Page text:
This was to have been a flying model of a proposed six-engined trans-Atlantic passenger transport weighing 100,000 kg. The span was to be 40 m with an aspect ratio of 10 and sweepback of 28 degrees. Power units were six Argus AS 10 C engines.
To make the aircraft attractive to R.L.M. and thus get backing for the project, the Hortens added a rear loading cargo carrying body with an internal space approximately 14’ x 10’ x 6’; this was not part of the design for the full size aircraft. With construction under way, another modification was made (but not disclosed to R.L.M.). This consisted of removing the nose of the cargo body, replacing the nose wheel by wheels on either side of the body and putting a large venturi tube with a 2m x 2.7m throat inside to form a flying wind tunnel. They expected to get about 500 mph airspeed in the throat combined with low turbulence – this they proposed to check by the sphere drag method. Later they hoped to be able to test models of their aircraft which could be made of wood because of the absence of dust in the airstream.
Construction was proceeding at Gottingen and was 50% complete at the cessation of hostilities. The steel tube framework for the venturi center section was finished.
Estimated Weight and Performance Figures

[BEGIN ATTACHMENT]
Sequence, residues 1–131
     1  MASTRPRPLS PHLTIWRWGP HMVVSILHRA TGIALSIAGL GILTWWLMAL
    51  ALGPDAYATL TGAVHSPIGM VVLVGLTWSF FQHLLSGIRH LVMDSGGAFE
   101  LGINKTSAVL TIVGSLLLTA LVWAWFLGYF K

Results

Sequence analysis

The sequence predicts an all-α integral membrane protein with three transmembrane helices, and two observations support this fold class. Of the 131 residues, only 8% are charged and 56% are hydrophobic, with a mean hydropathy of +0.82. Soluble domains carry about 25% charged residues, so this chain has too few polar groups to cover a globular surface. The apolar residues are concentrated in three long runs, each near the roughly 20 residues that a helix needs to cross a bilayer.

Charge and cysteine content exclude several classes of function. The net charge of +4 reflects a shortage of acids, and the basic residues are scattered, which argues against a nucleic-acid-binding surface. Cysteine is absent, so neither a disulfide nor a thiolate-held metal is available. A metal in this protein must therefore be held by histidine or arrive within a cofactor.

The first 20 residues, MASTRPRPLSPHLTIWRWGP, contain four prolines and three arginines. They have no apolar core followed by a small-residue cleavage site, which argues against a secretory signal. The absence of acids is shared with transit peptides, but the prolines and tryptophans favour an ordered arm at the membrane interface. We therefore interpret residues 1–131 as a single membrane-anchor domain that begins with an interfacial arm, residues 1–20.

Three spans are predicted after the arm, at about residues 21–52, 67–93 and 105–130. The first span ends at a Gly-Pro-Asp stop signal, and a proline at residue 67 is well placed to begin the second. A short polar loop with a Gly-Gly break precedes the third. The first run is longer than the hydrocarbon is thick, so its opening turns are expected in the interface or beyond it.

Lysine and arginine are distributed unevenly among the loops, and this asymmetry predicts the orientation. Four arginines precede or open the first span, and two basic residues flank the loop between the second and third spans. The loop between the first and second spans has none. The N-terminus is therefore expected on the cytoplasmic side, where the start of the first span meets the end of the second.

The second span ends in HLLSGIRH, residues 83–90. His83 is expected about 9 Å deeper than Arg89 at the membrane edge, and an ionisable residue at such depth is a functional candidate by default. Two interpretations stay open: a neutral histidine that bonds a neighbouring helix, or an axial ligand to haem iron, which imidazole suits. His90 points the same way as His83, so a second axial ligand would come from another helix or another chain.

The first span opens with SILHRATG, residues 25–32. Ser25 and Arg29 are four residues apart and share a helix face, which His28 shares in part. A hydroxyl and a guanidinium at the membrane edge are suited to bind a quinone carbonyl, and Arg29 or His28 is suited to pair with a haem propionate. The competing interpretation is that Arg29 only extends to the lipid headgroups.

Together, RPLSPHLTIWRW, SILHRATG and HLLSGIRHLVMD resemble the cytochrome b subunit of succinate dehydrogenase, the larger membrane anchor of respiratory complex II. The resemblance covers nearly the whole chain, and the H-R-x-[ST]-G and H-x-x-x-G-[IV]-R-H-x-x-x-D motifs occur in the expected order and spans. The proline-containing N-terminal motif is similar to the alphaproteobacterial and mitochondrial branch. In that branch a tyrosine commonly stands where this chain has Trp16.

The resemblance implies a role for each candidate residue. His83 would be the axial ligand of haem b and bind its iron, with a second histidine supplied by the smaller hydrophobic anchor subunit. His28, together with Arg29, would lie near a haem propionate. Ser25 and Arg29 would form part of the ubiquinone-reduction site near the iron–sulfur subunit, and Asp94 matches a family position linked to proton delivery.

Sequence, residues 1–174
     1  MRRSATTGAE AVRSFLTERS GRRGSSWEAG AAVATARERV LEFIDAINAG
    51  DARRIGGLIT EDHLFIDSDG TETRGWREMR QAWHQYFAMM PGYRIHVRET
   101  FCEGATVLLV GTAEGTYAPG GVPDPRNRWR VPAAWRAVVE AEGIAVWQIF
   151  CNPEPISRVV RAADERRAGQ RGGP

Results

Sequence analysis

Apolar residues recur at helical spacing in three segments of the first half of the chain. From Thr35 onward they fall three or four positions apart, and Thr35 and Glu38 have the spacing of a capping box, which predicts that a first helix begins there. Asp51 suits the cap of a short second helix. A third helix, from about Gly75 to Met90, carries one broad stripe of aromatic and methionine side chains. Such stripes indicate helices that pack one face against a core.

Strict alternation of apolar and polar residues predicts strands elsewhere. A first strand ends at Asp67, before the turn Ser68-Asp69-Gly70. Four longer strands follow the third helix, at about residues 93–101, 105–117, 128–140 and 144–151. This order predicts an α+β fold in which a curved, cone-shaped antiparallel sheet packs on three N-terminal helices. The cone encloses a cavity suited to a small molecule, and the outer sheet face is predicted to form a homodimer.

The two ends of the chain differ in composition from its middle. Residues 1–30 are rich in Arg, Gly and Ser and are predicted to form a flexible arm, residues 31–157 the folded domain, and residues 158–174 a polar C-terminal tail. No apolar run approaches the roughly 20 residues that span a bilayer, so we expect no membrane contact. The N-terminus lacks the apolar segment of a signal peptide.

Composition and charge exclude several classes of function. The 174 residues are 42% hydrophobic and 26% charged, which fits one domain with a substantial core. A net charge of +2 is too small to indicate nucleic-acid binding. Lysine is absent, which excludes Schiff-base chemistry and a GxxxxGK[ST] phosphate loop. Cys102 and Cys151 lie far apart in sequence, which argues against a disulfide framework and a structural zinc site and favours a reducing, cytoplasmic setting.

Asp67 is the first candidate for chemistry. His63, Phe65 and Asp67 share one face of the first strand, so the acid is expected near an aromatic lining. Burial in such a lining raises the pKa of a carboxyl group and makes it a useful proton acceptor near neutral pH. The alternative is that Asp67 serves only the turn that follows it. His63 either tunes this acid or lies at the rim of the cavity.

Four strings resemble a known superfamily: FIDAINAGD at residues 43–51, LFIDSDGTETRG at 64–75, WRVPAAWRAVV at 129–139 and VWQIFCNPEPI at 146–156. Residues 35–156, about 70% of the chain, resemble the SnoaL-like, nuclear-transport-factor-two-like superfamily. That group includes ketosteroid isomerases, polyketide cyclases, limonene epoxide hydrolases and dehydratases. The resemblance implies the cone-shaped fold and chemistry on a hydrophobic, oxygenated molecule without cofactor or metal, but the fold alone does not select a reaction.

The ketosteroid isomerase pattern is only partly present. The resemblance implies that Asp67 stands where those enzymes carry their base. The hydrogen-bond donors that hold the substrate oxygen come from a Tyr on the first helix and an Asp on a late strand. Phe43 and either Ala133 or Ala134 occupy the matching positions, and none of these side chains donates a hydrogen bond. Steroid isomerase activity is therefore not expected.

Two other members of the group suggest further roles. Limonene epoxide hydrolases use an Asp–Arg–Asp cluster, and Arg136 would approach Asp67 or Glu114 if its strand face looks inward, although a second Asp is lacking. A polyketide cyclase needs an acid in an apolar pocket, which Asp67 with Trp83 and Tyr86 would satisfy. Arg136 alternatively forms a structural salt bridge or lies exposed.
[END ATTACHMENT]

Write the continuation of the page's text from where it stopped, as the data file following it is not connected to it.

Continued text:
Max. all up weight as a wind tunnel: 9,000 kg
Max. all up weight as a cargo carrier
- Without takeoff assistance: 15,000 kg
- With rocket assisted takeoff: 20,000 kg
At 23,000 kg the sea level rate of climb at full power would be zero.
At 9,000 kg rate of climb at 180 kph was expected to be 6.5 – 7 m/sec.
Estimated trimmed CLmax’s were:
- No Flaps: 1.4
- With Flaps: 1.6
- CL for Takeoff: 1.1
The design of the wing and controls was similar to that of the Horten IV. Washout was 7 degrees, to give trim without elevator deflection at cruising CL. Elevons were the three stage type with 35% Frise nose on the outer flap, and 22% on the middle and inner flaps. Compensating geared tabs which could also be used a longitudinal trimmers were fitted to the inner flaps. Maximum control deflections were a follows:
(Note: All figures in degrees)